Friday, June 27, 2008

Two More For You

Writing one granola recipe made me realize that there are two more granola recipes I must share with you (this reminds me of If You Give A Mouse A Cookie—one thing leads to another and another and another). The granola recipe I gave you last time is our most basic, no-frills recipe. I especially like to have it around in the summer time because it’s a great base to which we can add all the fresh fruits that make their way into our kitchen. But during the winter I like to make what I call Fancy Granola, and then, for a treat, I’ll sometimes make French Chocolate Granola.

Fancy Granola
This is called "Kris’s Granola" on my recipe card because my friend Kris gave me the recipe. The recipe below is hers, with a few of my changes. Don’t be afraid to change it around yourself. Make it your own. Granola encourages creativity, so don’t be shy.

18-20 cups rolled oats
3 cups raw sunflower seeds
2 cups almonds, ground in the blender
2 tablespoons, and then some, if you wish, cinnamon
1/3 cup blackstrap molasses
1 1/4 cup maple syrup
1 ½ cup canola oil

Mix the dry ingredients together in a big bowl. Put the wet ingredients in a saucepan and heat until warm and well-mixed. Pour the wet ingredients over the dry, and stir well. Spread the mixture on two large ungreased cookie sheets that have sides and roast at 275 degrees for three to four hours.

After the granola has cooled, add two to three cups of chopped nuts (English walnuts, pecans, almonds) and about three cups, or more, of dried fruit (raisins, craisins, dried cherries, dried blueberries, dates, etc.). Store in large glass jars.

French Chocolate Granola
From Orangette’s blog

At first I was turned off by this recipe. I’m not one who likes my granola sweet, especially not with chocolate. Those little containers of store-bought yogurt with an additional see-through topper of granola and chocolate chip mix-ins makes me wanna gag. Granola is supposed to be wholesome and fortifying, not a dessert food. But then I made this recipe and about died and went to heaven. Then I called up a handful of my friends and insisted that they make it, RIGHT THIS VERY MINUTE. Several of them did, most likely in a desperate attempt to get me off their backs, though I choose to think it’s because they know I have fantastic food sense.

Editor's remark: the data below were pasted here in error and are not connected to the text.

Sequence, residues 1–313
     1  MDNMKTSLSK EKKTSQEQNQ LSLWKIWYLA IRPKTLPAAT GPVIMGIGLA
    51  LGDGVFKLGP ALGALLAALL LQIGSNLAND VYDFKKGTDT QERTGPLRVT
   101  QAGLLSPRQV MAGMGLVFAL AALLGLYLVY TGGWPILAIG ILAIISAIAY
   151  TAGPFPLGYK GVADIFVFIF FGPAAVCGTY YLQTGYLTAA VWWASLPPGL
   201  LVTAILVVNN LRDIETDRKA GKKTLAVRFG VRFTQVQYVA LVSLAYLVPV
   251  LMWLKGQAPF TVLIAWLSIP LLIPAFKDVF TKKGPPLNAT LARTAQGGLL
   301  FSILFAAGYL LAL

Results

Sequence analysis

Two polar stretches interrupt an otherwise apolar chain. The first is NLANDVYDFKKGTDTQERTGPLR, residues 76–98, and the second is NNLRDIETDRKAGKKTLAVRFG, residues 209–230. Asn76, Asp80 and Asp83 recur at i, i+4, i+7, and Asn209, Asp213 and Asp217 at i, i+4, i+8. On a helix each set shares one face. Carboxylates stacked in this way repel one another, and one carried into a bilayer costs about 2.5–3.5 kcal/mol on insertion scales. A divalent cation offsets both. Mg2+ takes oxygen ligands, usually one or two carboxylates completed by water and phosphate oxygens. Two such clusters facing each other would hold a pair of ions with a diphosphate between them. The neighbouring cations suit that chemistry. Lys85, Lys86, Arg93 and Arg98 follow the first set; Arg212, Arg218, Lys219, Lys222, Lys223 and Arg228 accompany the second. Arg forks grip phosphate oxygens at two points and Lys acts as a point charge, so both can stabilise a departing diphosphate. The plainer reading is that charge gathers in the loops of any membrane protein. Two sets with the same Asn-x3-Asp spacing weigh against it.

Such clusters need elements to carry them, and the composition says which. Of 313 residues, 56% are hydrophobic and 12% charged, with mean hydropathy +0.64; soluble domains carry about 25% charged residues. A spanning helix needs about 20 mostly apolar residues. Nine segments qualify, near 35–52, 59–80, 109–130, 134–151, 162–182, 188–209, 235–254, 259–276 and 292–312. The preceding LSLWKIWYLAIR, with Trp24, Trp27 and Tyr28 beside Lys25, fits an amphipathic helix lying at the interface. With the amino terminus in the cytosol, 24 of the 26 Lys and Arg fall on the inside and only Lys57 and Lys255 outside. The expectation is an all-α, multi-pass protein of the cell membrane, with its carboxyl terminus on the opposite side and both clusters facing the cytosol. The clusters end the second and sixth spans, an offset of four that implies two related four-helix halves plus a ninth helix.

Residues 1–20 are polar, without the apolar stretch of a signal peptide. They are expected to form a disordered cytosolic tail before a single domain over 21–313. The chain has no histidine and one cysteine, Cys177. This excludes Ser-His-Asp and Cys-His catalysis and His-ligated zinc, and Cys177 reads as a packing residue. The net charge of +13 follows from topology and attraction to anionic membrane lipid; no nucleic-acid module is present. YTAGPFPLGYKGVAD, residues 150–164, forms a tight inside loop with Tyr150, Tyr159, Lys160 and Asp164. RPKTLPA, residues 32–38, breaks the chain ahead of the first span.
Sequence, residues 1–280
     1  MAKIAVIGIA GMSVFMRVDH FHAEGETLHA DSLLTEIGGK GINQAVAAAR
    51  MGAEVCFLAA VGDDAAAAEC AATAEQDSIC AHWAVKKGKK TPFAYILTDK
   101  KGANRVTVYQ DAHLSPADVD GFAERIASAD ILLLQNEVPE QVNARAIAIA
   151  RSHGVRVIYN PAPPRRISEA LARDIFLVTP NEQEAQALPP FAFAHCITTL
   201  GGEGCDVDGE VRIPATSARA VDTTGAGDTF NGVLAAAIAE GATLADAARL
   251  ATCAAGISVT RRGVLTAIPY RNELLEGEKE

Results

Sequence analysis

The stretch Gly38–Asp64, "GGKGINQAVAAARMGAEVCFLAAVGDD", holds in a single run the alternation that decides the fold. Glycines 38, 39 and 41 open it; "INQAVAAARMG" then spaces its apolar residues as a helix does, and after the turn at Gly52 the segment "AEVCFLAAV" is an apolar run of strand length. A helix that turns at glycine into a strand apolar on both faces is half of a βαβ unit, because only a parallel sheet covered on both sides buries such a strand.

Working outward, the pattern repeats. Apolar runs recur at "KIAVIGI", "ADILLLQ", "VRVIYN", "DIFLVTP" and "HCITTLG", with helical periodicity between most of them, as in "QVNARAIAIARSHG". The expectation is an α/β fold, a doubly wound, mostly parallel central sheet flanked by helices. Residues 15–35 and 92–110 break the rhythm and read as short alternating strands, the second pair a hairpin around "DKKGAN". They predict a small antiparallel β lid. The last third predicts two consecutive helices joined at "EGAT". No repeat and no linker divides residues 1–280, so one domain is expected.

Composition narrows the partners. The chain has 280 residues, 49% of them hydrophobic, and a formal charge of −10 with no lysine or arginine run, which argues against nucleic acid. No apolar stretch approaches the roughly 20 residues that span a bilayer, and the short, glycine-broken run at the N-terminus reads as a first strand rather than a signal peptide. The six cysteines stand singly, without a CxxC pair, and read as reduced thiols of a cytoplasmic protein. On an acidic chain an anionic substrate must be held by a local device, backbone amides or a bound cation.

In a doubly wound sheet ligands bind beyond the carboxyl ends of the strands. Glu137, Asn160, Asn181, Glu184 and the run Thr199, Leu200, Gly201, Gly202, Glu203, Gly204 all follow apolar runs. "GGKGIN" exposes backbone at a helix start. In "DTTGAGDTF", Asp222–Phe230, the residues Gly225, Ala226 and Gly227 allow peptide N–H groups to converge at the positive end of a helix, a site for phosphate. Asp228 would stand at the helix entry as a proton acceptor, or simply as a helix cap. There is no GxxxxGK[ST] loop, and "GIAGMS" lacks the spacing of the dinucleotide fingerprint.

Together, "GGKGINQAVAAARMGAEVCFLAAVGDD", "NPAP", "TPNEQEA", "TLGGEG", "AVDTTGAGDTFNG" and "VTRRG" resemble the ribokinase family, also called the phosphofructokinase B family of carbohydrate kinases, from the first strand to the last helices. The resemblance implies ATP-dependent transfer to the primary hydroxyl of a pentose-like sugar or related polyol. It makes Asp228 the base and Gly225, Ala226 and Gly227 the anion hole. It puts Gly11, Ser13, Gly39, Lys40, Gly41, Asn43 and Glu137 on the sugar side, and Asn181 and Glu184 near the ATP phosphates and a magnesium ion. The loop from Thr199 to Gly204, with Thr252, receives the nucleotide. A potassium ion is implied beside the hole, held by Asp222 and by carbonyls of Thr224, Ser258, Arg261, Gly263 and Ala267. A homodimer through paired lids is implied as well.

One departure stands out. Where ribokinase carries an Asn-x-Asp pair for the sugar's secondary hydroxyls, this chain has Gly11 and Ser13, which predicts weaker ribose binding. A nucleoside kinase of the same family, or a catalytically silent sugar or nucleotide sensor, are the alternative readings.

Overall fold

Always double the recipe. In a twelve-hour period my family ate all but one cup of a double batch: bowls of it for a bedtime snack and bowls of it for breakfast the following morning.

3 cups rolled oats
½ cup raw almonds, chopped
½ cup coconut
2 tablespoons white sugar
pinch of salt
6 tablespoons honey
2 tablespoons canola oil
½ cup finely chopped bittersweet chocolate (I use the mini-est chocolate chips I can find)

Mix the dry ingredients, all but the chocolate, in a large bowl. Heat the oil and honey in a saucepan till warm and then mix with the dry ingredients. Spread in an ungreased cookie sheet that has sides and bake at 300 degrees for 20 minutes till golden and crunchy. (When I think it’s done enough, I turn the oven off and let it cool in there—it gets crunchier without getting too brown.) When it’s totally cool, stir in the chocolate bits, and store in a large glass jar.

2 comments:

  1. This is Kris. Yes, THE Kris. The one who gave you that there recipe, with which you took such liberties. :) Just for the record, if any reading this cares besides you and me, I use unrefined coconut oil in my granola. That's what makes it taste amazing, in my humble opinion. That and loads of cinnamon. I probably put in 1/4 cup cinnamon in one batch of granola. (I buy cinnamon by the pound.) Also, I use powdered whole leaf stevia as part of the sweetener. If you don't know the incredible health benefits of stevia, you really should look it up. Check out unrefined coconut oil while you're at it.

    Now you've got me writing to that unknown reader...

    K

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  2. I tried out the French Chocolate recipe the other day. The result: a deliciously crunchy-sweet snack/dessert food...in spite of the fact that a) partway through making a double batch I realized there were no almonds, or any other substitutable nut, in the house, and b) somewhere between the upstairs computer room and the kitchen I forgot that the oven temp was supposed to be not 375, but 300. So I'd say this is a pretty resilient recipe. -ME

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